Graduation day is a big thing at any high school, but it takes on extra significance at a school like Two Rivers Education Centre (TREC).
Seven students crossed the stage at Hope’s Grace Baptist Church on Wednesday, June 8, achieving something that perhaps they never thought they’d achieve. Their years-long journey to that moment was filled with obstacles that may have led others to throw up their hands and say ‘Enough’s enough. I can’t do this.’
But these students didn’t quit. They fought through everything to earn their ‘Dogwood Diploma,’ and they now head out into the world as high school graduates.
The commencers from TREC are Daniel Barnes, Tianna Glasgow, Miranda Goodwin, Colten Preston, Kylene Rosen and Michael Saulnier.
Kyle Chapple and Joseph Fitzpatrick are commencers from Fraser Cascade Continuing Education and David Finnson, who was absent, is moving on from Fraser Cascade Online Learning.
All of them leave behind a very proud principal, Margaret Smiley.
“It is a proud day,” she said. “Knowing how much it took for these kids to get here, I am incredibly proud.”
For whatever reason, it didn’t work out for these students in the ‘regular’ school system.
When they arrived at TREC, the first thing they had to do was trust Smiley and the school’s teachers.
“It’s not something that comes easily. It’s not something that they’re used to doing, but they have to trust us,” Smiley said. “And when they do, it leads to a day like this.”
In one way it’s the end of a journey, but it’s also an important first step.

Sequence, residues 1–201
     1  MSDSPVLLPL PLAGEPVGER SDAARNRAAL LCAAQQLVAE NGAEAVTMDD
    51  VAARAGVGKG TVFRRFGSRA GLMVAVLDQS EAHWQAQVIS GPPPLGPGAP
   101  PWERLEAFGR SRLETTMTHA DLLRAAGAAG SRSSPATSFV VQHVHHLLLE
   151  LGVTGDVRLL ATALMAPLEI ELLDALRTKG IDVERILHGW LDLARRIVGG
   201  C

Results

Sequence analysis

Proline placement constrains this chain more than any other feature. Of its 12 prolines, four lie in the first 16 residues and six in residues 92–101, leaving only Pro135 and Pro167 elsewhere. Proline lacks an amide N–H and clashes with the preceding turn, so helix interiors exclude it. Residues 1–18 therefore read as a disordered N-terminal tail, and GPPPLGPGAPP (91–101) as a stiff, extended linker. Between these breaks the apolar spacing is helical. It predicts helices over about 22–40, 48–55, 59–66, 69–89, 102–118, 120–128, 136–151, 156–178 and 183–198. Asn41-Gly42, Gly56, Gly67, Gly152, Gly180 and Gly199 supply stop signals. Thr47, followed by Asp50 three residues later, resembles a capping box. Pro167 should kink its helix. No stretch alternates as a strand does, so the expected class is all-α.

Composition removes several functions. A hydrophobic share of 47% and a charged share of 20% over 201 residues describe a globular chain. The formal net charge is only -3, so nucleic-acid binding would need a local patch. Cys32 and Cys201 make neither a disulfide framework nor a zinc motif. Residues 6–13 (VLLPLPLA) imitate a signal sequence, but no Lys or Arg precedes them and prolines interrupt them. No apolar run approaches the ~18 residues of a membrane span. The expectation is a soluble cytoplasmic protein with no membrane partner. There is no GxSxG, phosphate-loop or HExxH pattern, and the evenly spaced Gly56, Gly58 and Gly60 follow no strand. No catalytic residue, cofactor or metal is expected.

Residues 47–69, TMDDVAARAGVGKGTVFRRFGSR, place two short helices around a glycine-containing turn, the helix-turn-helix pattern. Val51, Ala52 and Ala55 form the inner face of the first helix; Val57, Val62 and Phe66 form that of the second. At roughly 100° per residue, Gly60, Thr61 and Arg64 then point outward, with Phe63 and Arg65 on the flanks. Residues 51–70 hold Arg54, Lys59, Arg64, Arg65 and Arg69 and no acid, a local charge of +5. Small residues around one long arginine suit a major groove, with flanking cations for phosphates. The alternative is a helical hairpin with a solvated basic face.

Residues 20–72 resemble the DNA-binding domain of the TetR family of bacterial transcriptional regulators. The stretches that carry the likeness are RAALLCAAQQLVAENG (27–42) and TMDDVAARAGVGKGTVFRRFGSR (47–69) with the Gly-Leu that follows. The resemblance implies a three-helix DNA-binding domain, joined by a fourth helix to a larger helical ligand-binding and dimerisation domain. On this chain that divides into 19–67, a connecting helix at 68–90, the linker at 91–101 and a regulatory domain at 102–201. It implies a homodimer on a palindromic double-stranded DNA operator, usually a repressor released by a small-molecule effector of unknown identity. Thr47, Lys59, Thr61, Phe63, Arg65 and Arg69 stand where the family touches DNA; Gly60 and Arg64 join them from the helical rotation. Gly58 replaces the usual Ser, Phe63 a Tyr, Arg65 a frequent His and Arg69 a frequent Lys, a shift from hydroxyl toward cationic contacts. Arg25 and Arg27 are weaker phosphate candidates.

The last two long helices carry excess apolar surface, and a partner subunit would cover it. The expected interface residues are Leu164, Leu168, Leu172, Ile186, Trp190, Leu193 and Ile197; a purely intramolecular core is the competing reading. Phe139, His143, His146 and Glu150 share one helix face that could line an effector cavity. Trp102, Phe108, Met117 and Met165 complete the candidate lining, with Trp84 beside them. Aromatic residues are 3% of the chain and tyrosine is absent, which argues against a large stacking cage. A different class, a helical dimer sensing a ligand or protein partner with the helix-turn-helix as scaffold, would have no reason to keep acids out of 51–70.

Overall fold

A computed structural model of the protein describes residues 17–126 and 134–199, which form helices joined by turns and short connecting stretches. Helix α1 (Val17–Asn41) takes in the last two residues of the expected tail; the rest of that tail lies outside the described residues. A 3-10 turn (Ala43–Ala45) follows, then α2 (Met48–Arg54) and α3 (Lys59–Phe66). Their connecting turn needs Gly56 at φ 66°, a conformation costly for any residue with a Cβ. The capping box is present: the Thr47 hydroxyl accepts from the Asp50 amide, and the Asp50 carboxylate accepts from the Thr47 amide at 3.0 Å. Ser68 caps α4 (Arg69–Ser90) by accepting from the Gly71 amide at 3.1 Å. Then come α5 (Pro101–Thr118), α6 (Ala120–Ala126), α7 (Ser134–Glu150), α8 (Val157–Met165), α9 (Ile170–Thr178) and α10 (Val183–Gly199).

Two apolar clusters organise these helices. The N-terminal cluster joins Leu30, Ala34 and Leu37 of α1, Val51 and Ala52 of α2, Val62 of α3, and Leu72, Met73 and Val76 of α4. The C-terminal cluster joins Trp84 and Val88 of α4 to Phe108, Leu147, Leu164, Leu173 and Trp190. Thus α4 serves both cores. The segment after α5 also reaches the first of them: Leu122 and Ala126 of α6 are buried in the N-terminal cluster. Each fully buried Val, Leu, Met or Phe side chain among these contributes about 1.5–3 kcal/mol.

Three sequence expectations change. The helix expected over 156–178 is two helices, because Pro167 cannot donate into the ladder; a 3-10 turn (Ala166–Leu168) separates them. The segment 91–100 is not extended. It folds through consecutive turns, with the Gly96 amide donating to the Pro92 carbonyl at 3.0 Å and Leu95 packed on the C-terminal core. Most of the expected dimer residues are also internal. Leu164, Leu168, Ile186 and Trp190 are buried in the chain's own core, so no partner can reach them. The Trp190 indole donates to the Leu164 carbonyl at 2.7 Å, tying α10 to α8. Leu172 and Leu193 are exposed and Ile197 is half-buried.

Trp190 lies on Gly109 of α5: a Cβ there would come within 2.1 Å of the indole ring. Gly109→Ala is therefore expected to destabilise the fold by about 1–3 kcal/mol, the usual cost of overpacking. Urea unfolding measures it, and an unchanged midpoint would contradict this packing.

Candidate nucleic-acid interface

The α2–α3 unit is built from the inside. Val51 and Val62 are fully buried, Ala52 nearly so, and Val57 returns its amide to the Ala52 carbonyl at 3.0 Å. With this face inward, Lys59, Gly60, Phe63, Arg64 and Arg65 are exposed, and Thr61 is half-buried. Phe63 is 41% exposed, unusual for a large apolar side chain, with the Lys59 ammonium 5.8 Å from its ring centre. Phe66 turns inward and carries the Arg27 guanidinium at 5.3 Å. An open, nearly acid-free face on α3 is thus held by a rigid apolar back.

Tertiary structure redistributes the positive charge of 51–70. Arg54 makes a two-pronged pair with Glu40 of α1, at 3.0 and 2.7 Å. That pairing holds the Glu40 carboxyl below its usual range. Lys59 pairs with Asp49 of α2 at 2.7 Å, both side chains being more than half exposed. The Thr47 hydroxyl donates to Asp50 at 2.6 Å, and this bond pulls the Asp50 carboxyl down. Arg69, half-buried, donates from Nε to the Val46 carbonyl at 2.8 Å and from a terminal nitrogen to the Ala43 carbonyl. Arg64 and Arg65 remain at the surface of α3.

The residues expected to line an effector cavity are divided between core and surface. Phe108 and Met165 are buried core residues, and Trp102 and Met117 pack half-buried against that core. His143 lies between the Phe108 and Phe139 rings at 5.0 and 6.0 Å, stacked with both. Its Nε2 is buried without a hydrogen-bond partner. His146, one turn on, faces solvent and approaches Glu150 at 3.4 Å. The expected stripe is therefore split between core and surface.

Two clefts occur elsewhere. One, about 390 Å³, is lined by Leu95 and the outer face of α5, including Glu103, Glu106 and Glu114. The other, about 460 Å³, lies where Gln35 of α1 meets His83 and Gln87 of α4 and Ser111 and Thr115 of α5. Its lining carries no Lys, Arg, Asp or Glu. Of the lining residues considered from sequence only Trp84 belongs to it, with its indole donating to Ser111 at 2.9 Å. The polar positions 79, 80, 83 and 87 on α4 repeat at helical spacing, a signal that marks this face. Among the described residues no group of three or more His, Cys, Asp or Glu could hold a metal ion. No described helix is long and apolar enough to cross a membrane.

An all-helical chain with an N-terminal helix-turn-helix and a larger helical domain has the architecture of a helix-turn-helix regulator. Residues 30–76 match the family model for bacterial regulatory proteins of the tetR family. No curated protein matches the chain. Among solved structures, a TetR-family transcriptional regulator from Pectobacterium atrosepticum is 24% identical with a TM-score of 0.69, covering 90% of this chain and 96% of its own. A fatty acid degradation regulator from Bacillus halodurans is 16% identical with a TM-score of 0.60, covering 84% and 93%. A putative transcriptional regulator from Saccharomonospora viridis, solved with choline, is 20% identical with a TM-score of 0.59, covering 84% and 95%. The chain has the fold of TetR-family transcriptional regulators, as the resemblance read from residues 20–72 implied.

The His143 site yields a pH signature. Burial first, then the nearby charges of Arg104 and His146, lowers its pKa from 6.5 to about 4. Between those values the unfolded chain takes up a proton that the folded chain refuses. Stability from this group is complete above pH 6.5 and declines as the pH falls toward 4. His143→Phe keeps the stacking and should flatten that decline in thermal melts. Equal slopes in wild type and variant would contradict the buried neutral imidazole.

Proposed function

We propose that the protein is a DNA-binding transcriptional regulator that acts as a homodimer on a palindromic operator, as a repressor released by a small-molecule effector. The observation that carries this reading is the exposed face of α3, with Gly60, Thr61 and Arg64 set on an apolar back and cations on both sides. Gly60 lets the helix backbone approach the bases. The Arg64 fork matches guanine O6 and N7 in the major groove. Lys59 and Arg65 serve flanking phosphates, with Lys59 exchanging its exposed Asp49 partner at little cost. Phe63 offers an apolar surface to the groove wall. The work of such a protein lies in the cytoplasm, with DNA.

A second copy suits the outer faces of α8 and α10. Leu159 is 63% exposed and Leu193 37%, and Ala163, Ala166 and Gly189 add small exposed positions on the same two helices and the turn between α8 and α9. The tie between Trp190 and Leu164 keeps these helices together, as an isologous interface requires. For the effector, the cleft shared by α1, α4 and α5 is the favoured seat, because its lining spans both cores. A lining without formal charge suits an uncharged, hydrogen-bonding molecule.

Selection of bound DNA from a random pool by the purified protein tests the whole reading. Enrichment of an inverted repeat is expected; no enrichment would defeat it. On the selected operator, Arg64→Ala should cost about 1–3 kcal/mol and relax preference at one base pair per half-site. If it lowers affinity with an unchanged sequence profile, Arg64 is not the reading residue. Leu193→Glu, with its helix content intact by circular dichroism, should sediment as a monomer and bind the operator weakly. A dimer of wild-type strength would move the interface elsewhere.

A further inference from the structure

“You pretty much have to have your high school graduation to do anything that’s not going to kill you labour wise,” Smiley said. “I’d say probably half of them are going to do post-secondary within the next year or two, and the others will be working to make money for post-secondary. They all have the ability to do some more schooling, and I trust they will.”
Goodwin was awarded the District/Authority scholarship while Daniel Barnes and Michael Saulnier each received Fraser Cascade Teachers’ Association bursaries.
Kylene Rosen won the Jim Sinclair Legacy award.
For Smiley, who spent the majority of her career in the ‘brick and mortar’ school system before taking on her role at TREC, seeing the kids (and one young adult) buy in, work hard and receive their diplomas is a moment she puts on par with having a first child.
“But this is not my first child. This is my 15th and again, I’m so incredibly proud knowing what it took to get here,” she said. “I know about some of the disadvantages that some of our kids have had, but this is where that ends.”